University of Maryland School of Medicine (UMSOM) researchers identified a new gene that may be linked to certain neurodevelopmental disorders and intellectual disabilities.
Researchers have discovered that a widely used nutritional supplement may significantly reduce the risk of fatal strokes caused by a rare genetic disorder. Additionally, the findings suggest that the supplement could be used to both block precipitation of and break up the formation of amyloid plaque deposits, a common feature found in serious forms of dementia.
Pharmaceutical companies get special protection from the FDA for orphan drugs aimed at rare diseases, but a study shows high spending for common diseases for some such drugs. Just 21% of the total dollars spent in 2018 on 15 top-selling partial orphan drugs went to the treatment of rare diseases, while more than 70% went to the treatment of common diseases.
In 2012, four-year-old Bertrand Might became the first-ever patient diagnosed with a rare genetic disorder called N-glycanase (NGLY1) deficiency. Since then, more than 60 additional patients have been found. University of Utah Health geneticist Clement Chow is investigating the disease, which affects every system of the body.
A meta-analysis of lupus finds the disease is less common than previously thought, but disproportionally affects women and racial and ethnic minorities of both sexes.
In a new study by Yale Cancer Center researchers, the drug caplacizumab is shown not to be cost-effective in treating thrombotic thrombocytopenic purpura (TTP) when added to the standard-of-care.
Only about one in every 170 children take them. But “orphan drugs” accounted for 1 in every 15 private insurance dollars spent on children’s health care in the United States in 2018, according to a new study. That’s up 65% from just five years before.
A multinational clinical trial of for the treatment of Niemann-Pick disease Type C (NPC) demonstrated a statistically significant and clinically meaningful improvement in symptoms, functioning, and quality of life in both primary and topline secondary endpoints for both pediatric and adult patients with NPC.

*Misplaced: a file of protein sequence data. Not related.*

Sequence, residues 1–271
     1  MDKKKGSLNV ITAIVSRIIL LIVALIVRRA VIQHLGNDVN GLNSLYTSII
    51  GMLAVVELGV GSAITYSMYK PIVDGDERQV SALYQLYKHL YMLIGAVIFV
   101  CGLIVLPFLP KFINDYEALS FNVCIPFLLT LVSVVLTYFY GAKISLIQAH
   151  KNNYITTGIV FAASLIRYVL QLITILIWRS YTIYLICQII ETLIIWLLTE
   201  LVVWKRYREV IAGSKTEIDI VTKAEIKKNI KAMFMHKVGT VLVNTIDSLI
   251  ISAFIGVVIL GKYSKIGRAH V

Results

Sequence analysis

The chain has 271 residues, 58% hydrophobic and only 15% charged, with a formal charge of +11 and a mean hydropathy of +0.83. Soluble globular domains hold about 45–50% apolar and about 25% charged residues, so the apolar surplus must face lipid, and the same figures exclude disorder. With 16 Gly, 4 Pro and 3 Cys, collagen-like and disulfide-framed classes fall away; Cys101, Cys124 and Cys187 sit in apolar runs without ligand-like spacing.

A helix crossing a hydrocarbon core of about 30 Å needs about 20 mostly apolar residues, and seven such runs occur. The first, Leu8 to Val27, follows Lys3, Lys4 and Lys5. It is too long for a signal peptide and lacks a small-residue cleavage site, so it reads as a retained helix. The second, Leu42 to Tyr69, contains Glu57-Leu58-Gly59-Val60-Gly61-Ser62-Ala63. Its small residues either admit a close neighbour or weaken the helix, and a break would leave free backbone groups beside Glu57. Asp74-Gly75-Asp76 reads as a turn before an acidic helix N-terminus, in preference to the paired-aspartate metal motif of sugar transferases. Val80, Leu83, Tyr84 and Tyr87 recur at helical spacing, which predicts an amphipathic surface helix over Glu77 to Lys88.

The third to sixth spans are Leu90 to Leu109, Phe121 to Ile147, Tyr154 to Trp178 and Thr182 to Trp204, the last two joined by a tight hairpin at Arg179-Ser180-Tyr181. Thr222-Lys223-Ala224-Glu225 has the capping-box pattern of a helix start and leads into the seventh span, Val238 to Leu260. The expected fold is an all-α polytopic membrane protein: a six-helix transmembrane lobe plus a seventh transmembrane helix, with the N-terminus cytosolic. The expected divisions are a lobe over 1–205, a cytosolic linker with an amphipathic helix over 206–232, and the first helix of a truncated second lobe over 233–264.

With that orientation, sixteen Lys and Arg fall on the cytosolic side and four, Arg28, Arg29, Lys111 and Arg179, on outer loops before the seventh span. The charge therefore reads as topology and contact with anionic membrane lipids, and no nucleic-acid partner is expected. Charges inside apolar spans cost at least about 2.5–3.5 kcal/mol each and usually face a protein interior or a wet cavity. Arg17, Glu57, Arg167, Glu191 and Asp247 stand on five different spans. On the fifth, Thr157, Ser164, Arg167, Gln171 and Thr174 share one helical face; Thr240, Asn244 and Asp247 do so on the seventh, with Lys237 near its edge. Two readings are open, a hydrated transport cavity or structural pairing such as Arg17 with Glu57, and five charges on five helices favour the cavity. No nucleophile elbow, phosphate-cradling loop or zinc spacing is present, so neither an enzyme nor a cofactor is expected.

September’s Pulmonary Fibrosis Awareness Month shares crucial realities and insights about the rare disease, its symptoms and helpful resources provided by the Pulmonary Fibrosis Foundation to educate the public about this devastating disease which impacts over 200,000 Americans.
New findings show that some patients with a rare and aggressive form of leukodystrophy may benefit from receiving treatment with a class of targeted therapy drugs that could improve their neurological function.
The Coriell Institute for Medical Research has added a new collection of stem cells to its biobank offerings. The new collection is a result of a collaboration between Coriell and the Rett Syndrome Research Trust (RSRT) and consists of 10 lines of human induced pluripotent stem cells created from blood donated by individuals with Rett syndrome.
Infusing umbilical cord blood – a readily available source of stem cells – safely and effectively treated 44 children born with various non-cancerous genetic disorders, including sickle cell, thalassemia, Hunter syndrome, Krabbe disease, MLD, and an array of immune deficiencies.
UC Davis MIND Institute researchers found an unexpected spectrum of mental illnesses in patients with a rare gene mutation. These patients had a “double hit” condition that combined features and symptoms of fragile X syndrome and premutation disorder, in addition to a range of psychiatric symptoms. The findings revealed the need for clinicians to consider the complexities of the co-existing conditions of patients with both psychological and fragile X associated disorders.
The Coriell Institute for Medical Research has been awarded a $9.2 million grant through an open competition from the National Institute of General Medical Sciences (NIGMS). This five-year award keeps Coriell in place as the steward of the NIGMS Human Genetic Cell Repository, a world-renowned collection of high quality cell lines and DNA samples representing genetic diseases, distinct human populations around the world, and more.
The number of treatments for rare diseases affecting children has increased, a new study suggests. But federal incentives intended to encourage drug development for rare conditions are being used more often to expand the use of existing drugs rather than for creating new ones.
Rare diseases: More common than you think In Canada, 1 in 25 children is born with a rare disease. One-third of those children will not reach their 5th birthday. Collectively, rare diseases are a major contributor to childhood mortality and disease in Canada, accounting…
Epigenetic disorders are more common among children born through assisted reproductive technology. A new mouse study suggests that the fertility treatments themselves are to blame, not the age of the mother.
Cincinnati Children’s will use a $28M federal grant to serve as the data coordinating center for the Rare Diseases Clinical Research Network. The network includes 20 groups of medical centers searching for improved treatments for hundreds of rare diseases.